UCL Discovery
UCL home » Library Services » Electronic resources » UCL Discovery

Lay Medical Culture and its English Critics c.1620 to c.1720

Goldbloom, Alexander; (2000) Lay Medical Culture and its English Critics c.1620 to c.1720. Doctoral thesis (Ph.D), UCL (University College London). Green open access

[thumbnail of U642319.pdf] Text

Download (12MB)


This thesis deals with the way in which lay medical culture was perceived by literate elites in seventeenth-century England. It seeks to reappraise an existing historical picture in which the growth of scientific rationalism is seen as leading to a growing divide between the mentalities and medical practices of elites and those of the rest of society. Rather than treating these two groups as polar opposites the thesis examines the means by which they interacted. This is chiefly based on an examination of commonplace books which, from the Renaissance onwards, were central to the way in which literate laymen and women recorded information both from printed and manuscript material and from talking with others. The introductory chapter looks at the various ways in which the meaning of words such as lay and vulgar was constructed by their users. Chapter 2 goes on to describe the manner in which commonplace books contributed to the vulgarisation of medical knowledge amongst private individuals, at a family level, within local communities, and beyond. Chapters 3 and 4 continue this theme by looking at the collection of material within the institutional context of first, the Hartlib Circle, and second, the Royal Society. In both cases, it is argued, the individuals concerned were motivated by an increased emphasis on simple empiricism (instead of textual dogmatism) and on public utility. Chapters 5 and 6 address the question of cultural bifurcation by considering criticism of lay medicine as a product both of a far wider political and theological debate over superstition and the place of the supernatural, and of a growing emphasis on gentility and taste.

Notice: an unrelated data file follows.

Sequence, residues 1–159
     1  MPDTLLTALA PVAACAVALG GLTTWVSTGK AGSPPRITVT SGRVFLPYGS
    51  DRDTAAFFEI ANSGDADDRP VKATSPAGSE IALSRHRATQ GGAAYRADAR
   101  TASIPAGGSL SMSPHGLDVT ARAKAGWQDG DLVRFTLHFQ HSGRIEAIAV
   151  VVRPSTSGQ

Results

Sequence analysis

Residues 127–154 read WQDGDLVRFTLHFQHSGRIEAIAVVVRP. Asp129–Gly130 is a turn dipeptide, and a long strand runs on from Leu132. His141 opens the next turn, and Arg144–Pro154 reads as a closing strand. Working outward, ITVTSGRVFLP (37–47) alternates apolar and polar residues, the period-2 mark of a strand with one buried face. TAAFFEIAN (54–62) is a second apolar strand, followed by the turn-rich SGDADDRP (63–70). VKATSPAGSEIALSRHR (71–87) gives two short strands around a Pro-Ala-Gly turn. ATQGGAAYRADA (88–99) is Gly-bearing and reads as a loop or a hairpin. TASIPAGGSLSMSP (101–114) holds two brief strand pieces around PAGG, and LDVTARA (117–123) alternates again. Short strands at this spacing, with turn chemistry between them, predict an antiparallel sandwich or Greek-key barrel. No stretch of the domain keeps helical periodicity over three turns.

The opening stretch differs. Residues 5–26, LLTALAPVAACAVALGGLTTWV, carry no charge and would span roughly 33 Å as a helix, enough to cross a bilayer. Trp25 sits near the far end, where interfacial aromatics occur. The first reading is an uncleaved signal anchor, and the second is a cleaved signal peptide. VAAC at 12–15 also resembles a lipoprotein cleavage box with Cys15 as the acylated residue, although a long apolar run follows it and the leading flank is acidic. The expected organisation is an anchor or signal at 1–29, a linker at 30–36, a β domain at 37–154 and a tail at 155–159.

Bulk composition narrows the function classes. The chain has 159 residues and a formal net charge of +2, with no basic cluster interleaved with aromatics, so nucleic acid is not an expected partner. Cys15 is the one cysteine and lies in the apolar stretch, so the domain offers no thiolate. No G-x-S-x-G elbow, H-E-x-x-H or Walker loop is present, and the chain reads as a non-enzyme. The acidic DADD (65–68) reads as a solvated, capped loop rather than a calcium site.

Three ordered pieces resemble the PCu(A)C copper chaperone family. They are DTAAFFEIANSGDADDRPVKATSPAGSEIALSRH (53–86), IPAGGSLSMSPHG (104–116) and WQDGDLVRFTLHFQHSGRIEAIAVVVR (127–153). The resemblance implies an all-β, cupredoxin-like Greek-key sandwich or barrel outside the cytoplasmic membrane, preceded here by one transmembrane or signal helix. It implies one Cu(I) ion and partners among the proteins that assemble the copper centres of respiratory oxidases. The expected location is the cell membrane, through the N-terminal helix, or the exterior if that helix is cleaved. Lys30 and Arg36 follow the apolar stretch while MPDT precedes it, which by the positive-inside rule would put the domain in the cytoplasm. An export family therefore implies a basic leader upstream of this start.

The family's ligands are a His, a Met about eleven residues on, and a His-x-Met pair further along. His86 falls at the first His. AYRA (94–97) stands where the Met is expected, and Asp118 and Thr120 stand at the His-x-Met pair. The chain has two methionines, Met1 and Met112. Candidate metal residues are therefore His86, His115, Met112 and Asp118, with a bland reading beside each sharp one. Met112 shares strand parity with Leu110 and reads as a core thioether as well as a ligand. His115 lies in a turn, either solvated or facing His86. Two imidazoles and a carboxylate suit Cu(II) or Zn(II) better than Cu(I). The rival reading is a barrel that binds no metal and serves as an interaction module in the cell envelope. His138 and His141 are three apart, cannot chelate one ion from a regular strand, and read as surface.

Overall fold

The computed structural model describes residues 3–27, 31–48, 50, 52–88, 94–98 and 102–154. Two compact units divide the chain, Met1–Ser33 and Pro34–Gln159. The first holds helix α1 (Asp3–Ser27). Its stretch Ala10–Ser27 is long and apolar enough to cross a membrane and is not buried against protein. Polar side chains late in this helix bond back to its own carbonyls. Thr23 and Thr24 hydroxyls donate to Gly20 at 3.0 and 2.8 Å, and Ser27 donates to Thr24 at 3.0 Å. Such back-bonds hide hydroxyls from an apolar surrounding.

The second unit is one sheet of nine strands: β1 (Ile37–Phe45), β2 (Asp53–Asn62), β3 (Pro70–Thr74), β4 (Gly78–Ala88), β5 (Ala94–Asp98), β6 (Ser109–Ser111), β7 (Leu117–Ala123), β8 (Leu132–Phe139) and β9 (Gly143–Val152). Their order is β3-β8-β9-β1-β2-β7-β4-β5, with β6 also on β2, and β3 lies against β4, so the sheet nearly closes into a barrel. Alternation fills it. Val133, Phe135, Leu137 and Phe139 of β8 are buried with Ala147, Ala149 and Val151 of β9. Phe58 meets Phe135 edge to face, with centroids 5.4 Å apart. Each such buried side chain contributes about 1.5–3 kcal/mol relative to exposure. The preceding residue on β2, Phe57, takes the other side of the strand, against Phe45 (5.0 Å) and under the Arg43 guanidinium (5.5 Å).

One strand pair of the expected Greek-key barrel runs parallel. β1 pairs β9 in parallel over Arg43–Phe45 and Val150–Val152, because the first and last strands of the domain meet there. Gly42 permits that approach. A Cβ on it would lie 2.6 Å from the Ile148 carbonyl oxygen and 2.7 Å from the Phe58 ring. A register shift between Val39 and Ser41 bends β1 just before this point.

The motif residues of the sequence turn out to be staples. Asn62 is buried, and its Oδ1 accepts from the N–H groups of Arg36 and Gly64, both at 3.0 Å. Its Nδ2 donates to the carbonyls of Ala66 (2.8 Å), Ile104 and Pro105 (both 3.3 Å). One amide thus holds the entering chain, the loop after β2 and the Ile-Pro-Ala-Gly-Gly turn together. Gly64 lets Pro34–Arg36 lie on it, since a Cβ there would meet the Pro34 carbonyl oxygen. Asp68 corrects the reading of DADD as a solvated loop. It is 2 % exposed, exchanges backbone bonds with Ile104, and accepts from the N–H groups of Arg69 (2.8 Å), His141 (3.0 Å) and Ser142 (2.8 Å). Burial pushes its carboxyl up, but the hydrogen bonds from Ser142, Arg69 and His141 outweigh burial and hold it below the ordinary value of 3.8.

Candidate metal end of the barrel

Type: Thesis (Doctoral)
Qualification: Ph.D
Title: Lay Medical Culture and its English Critics c.1620 to c.1720
Open access status: An open access version is available from UCL Discovery
Language: English
Additional information: Thesis digitised by ProQuest.
Keywords: Social sciences; Scientific rationalism
URI: https://discovery.ucl.ac.uk/id/eprint/10100172
Downloads since deposit
Download activity - last month
Download activity - last 12 months
Downloads by country - last 12 months

Archive Staff Only

View Item View Item